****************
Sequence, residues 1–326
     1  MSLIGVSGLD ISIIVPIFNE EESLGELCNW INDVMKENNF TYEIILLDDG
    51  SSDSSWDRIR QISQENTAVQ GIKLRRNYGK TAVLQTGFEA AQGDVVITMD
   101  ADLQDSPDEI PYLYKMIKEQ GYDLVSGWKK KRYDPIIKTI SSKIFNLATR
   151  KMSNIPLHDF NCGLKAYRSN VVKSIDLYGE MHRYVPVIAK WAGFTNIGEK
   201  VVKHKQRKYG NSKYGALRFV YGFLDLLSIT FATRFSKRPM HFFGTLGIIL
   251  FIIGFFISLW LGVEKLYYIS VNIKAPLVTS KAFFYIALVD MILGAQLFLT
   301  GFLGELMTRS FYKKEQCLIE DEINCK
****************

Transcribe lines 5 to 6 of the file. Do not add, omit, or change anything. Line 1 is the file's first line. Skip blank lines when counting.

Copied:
   151  KMSNIPLHDF NCGLKAYRSN VVKSIDLYGE MHRYVPVIAK WAGFTNIGEK
   201  VVKHKQRKYG NSKYGALRFV YGFLDLLSIT FATRFSKRPM HFFGTLGIIL